Is the government about to start charging for the export licenses it grants defence companies? That was one of the rumours sweeping the floor at last week’s well-attended and bustling DSEi defence trade show in London.
Such a move would not be welcome, particularly among smaller firms who might be less able to bear the increased cost, and in the current climate of spending cuts, which many say have yet to make themselves fully felt in the industry, companies will be hoping ministers do not take steps with the potential to harm British exports – the bedrock of attempts to rebalance the economy.
Engineers PE spoke to emphasised the importance of overseas trade for smaller British defence firms, particularly when “there’s nothing doing in the UK” as one senior manufacturing executive put it. For a high-tech engineering company like Sherborne Sensors, which manufactures accelerometers and inclinometers, exports are the lifeblood of the business. Robin Butler, Sherborne sales and marketing director, says: “It’s very important that we have large customers all over the world.”
A customer base overseas – which includes, for example, Lockheed Martin in the US – continual introduction of new products, and selling into markets other than defence such as civil aerospace and general industrial are factors which underpin Sherborne’s growth, Butler adds. “It’s very difficult to rely purely on the defence sector and perhaps at this point in time that’s a dangerous strategy.”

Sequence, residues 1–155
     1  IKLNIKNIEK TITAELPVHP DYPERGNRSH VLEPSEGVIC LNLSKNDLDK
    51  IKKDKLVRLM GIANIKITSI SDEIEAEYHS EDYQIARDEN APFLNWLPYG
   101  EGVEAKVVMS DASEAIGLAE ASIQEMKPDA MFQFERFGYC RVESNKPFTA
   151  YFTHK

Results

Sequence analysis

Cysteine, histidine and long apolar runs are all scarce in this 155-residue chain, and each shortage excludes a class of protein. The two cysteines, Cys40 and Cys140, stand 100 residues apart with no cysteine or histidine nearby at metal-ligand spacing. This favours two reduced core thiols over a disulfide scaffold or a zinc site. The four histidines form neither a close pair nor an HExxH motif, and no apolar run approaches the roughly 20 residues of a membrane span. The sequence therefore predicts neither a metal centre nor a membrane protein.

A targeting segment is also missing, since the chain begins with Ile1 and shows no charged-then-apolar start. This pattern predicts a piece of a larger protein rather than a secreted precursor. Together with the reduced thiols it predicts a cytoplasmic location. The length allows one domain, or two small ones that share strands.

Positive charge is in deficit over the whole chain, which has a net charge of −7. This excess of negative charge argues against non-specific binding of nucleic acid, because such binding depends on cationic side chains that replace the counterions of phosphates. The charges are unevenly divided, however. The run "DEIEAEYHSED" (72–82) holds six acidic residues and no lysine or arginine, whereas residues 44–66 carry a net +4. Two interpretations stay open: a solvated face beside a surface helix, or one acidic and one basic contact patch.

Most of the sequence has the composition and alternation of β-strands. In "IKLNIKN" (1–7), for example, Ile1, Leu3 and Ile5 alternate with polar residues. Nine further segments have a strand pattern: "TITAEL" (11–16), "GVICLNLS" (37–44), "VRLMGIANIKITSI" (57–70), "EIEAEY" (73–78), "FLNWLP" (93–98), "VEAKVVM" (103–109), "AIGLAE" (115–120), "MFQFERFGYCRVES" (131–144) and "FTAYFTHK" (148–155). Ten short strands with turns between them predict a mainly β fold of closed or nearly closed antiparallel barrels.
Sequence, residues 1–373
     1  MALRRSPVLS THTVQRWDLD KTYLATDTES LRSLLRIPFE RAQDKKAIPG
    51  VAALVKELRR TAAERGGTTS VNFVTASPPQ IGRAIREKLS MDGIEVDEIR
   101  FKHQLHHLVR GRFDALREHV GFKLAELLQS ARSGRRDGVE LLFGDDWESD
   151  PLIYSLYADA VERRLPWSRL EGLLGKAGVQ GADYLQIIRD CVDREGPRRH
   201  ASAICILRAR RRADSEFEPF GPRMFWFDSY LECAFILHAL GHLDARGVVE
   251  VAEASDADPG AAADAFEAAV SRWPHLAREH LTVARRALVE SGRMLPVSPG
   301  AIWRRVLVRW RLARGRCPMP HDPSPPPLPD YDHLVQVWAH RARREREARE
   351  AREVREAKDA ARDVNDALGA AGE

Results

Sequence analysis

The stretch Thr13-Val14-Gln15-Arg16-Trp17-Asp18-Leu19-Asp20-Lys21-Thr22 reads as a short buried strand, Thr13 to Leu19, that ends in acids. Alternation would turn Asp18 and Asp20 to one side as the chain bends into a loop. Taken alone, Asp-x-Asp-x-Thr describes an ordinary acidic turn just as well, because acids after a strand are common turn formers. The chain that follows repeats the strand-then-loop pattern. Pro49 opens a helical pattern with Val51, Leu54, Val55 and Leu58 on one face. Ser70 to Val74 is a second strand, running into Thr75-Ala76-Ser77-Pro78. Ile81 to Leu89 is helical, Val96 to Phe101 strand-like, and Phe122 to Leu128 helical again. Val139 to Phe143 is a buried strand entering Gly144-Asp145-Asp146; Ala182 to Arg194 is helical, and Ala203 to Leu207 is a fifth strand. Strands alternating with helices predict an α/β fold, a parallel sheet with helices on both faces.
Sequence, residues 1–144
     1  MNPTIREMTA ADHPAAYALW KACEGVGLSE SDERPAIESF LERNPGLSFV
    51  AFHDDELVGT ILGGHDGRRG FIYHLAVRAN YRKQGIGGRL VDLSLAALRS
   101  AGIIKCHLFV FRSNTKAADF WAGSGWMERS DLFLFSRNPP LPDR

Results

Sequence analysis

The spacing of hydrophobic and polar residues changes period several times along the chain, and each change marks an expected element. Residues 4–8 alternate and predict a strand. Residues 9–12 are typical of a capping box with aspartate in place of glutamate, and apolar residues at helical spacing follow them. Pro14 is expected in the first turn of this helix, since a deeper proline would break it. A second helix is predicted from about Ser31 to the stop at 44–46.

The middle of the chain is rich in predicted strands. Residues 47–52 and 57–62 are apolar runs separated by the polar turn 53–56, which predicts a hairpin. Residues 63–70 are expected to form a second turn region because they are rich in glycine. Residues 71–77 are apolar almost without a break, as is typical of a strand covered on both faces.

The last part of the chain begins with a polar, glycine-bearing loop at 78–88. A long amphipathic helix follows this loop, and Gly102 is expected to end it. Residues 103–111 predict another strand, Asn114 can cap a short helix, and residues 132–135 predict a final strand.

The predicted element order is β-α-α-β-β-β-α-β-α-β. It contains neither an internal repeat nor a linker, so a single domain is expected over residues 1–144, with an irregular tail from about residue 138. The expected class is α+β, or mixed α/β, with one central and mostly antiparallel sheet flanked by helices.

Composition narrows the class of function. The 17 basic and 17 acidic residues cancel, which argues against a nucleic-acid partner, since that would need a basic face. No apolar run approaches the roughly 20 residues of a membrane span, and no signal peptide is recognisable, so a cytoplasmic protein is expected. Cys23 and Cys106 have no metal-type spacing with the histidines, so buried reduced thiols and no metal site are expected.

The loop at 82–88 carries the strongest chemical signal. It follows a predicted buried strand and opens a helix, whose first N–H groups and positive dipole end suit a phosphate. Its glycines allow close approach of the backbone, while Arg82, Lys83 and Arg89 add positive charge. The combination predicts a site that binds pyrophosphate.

At Faun Trackway’s stand, meanwhile, the Anglesey manufacturer of military grade aluminium runways and tracks was hosting delegations of military top brass from Malaysia and Peru. It’s been making products in North Wales since the 1940s but now exports to 30 different countries. Managing director Alun Jones emphasises that innovation in terms of products – the firm has just introduced a landing pad for unmanned aerial vehicles, for example – and the willingness to scope out new markets overseas have been crucial to its success.
For the government to consider charging companies to obtain licenses to export defence equipment would add a deleterious burden on already overstretched firms, some say, arguing that the process is tortuous enough as it is. For instance, ministerial interventions to get licenses granted in time to satisfy an order are not unheard of and the export licence office itself is said to be undermanned for the job it has to do. Some also say that banks, which have their own restrictions on which countries they will finance exports to, should bring their policies into line with the government, where the regulations are thought of as stringent enough. Particularly true, perhaps, of banks owned by the taxpayer.
The chief executive of defence and aerospace trade association ADS, Rees Ward, says British firms should be allowed to take advantage of the opportunities in the global defence market at a time when budgets at home are being squeezed. “We’re second only to the US in terms of our defence industry and it’s important to remember that,” he says.
“UK and European defence budgets may be decreasing, but overall global defence expenditure is increasing, and that is an opportunity for the British industry, which has an impressive 22% of the worldwide addressable defence market.
“But there are other nations around the world that would love to take our share. The message to government is we need to sustain this world class industry.”